Hypos & Hypers


The scariest thing for any parent of a small child who has type 1 is the constant fear of a hypoglycaemia, of ‘hypo’ – low blood glucose.  Not everyone will have the same symptoms when they have a hypo; however, the symptoms usually follow the same pattern for each person. It is VERY important that friends and family of young children in particular know what the symptoms are for the person in question, especially as these symptoms may not be recognised by themselves, and that they know what to do in such circumstances.

In recent weeks with Aliena (now aged 5), she has been experiencing extremely serious hypos which are affecting her in a completely different way to normal – before she would just say she was tired and hungry, but recently she has violent, almost feral behaviour…kicking and screaming, even biting, and is impossible to console often for up to 15 minutes, but when she does calm, and back to normal, she (thankfully) has no recollection of the fit.  My nurses have assured me that hopefully this is connected to her having low bloods regularly for a long period of time, following a bout of sickness. I pray they are right as although Aliena may have no memory, the fits will scar me for life. It just highlight thought that every child is different and their symptoms will change as they grow.

Hypoglycemia occurs when the levels of glucose present in the blood falls below a set point:

  • Below 4 mmol/L

Symptoms – from the body (attempting to raise the blood glucose level, by adrenaline for example):

  • Irritability
  • Hunger, feeling sick
  • Trembling
  • Anxiety
  • Throbbing pulse in the chest or abdomen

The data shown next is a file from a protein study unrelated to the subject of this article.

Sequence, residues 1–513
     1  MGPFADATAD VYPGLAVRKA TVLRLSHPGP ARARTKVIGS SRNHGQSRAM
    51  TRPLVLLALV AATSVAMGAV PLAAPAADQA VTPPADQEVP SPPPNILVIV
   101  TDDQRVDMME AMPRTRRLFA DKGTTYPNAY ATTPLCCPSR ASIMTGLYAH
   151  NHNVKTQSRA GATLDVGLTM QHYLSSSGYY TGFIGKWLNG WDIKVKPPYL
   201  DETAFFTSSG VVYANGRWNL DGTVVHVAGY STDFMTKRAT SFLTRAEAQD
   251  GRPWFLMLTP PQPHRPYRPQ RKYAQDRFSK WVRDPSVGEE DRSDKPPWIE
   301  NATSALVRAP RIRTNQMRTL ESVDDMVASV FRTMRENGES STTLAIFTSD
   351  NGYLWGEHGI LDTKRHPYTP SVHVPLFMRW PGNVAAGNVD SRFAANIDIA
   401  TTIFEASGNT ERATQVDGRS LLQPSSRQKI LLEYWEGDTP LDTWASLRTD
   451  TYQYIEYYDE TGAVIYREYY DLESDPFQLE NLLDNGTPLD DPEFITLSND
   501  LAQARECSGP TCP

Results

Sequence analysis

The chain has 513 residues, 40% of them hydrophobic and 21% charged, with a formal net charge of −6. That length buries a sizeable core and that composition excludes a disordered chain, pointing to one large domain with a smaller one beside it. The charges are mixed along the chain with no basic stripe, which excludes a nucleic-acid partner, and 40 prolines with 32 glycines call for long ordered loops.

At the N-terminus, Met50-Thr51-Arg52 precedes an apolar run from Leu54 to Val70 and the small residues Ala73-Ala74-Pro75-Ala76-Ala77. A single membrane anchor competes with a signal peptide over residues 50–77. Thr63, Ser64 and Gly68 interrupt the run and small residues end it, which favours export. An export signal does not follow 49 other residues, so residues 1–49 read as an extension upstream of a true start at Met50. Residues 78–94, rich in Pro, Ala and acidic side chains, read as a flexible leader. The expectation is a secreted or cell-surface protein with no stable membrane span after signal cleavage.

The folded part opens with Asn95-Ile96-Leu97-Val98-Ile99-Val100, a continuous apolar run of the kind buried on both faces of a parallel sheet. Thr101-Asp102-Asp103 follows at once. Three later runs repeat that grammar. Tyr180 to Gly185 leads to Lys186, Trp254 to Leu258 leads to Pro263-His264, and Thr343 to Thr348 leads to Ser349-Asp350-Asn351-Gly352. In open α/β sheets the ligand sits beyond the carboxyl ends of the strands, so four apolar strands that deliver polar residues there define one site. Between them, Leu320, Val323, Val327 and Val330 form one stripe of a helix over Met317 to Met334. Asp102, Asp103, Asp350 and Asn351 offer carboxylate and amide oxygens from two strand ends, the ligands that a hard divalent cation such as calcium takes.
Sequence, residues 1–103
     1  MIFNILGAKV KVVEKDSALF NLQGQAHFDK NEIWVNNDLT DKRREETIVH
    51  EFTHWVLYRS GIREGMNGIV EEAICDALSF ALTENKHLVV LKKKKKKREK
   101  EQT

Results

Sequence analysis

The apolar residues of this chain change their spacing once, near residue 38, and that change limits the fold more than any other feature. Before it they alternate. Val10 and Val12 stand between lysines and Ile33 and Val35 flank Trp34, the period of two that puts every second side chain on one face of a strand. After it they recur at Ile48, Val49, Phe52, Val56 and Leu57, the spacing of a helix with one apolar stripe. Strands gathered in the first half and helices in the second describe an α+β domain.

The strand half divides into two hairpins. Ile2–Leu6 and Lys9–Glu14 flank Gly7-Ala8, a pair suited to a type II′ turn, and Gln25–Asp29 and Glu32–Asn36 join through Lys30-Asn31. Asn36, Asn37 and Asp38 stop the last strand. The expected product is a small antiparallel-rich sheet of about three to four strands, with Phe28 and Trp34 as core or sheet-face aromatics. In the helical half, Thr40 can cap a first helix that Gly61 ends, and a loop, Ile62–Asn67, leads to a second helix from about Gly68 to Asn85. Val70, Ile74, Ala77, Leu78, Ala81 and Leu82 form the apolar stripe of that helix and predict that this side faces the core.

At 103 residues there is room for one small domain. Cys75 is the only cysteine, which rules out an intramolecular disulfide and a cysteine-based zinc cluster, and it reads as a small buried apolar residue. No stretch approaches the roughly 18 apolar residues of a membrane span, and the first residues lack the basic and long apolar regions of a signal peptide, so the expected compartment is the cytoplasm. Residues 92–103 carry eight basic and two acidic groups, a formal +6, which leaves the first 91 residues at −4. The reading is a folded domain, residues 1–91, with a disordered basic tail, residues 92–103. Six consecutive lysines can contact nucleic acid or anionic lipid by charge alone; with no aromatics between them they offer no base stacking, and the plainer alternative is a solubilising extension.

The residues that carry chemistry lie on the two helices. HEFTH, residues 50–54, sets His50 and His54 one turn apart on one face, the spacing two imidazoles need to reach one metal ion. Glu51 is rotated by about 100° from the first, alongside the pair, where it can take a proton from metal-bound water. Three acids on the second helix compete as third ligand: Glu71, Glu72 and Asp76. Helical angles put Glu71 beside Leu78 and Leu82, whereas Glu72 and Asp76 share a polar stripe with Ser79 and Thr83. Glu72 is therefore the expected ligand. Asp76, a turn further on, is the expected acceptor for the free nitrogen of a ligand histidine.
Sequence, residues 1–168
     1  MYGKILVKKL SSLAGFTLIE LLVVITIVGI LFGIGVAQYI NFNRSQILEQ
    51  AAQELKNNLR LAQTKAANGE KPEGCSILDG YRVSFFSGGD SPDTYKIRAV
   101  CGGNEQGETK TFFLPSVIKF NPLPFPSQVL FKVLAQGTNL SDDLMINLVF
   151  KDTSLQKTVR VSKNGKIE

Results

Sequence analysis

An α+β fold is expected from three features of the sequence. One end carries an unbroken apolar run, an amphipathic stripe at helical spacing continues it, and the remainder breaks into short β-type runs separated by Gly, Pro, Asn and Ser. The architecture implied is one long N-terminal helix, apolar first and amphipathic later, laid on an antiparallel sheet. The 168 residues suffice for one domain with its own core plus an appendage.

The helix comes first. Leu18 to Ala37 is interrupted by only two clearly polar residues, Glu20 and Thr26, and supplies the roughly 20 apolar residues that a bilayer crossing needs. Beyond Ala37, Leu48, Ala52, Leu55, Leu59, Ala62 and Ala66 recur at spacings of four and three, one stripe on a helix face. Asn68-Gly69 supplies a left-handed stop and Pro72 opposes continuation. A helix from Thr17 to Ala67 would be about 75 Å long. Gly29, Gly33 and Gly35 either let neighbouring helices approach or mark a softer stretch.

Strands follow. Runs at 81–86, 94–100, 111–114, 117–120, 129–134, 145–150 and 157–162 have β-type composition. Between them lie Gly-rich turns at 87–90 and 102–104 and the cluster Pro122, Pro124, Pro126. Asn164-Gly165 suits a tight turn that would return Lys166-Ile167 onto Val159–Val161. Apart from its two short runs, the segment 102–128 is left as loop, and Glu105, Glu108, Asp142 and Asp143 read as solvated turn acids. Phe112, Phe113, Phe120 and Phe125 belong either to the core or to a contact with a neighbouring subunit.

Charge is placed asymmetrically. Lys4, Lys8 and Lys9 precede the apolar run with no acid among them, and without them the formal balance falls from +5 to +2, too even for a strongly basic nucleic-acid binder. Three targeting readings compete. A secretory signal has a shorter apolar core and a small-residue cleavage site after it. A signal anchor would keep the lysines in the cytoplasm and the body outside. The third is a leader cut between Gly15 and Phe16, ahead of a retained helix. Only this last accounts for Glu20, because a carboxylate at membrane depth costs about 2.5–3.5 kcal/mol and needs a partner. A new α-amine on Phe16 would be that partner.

• Numbness in the lips, fingers and tongue
  • Looking pale
  • Cold sweats
  • Severe sweating and nightmares (if at nighttime)

Symptoms – from the brain (resulting from a deficiency of glucose in the central nervous system):

  • weakness, dizziness
  • difficulty concentrating
  • double or blurred vision
  • headache
  • drowsiness or sudden fatigue
  • out of character behaviour – sudden anger and frustration
  • confusion
  • unsteady walking or lack of coordination
  • lapses in consciousness
  • seizures

Being aware of the early signs of having a hypo will allow you to treat low blood sugar levels quickly, in order to bring them back into the normal range.

It is also recommended to make close friends, family and teachers aware of the signs of your child in case they are too young, or unable, to recognise the symptoms themselves – hypers can occur EXTREMELY quickly, so you need to act FAST. 

 Treating a Hypo

If blood glucose is low (less than 3.5/4.0 mmol/l), give something sweet to eat – such as 2 or 3 glucose tablets (we have a packet in every room of the house; in my handbag, and packets in the car), a spoonful of honey, or a sweet drink – then ideally wait 10-15 minutes for the glucose to take effect, although this can be difficult with small children as they usually want something else to eat immediately.  Then give a slow release carbohydrate such as a digestive biscuit, oatcake, or piece of plain toast .  If they are unwilling to swallow a glucose or honey, which you will find happens often if they are half asleep, then rubbing Glucogel into the inside of their cheeks can often be an easier alternative.  As Aliena gets older, she is needing more to ‘bring her round’ as it were, so you will just come to know what your child needs, as the illness grows with them.  For example, a 15 year boy is going to require a LOT more sugar and carbohydrates to get back on track after playing a game of rugby, than a 3 year old child.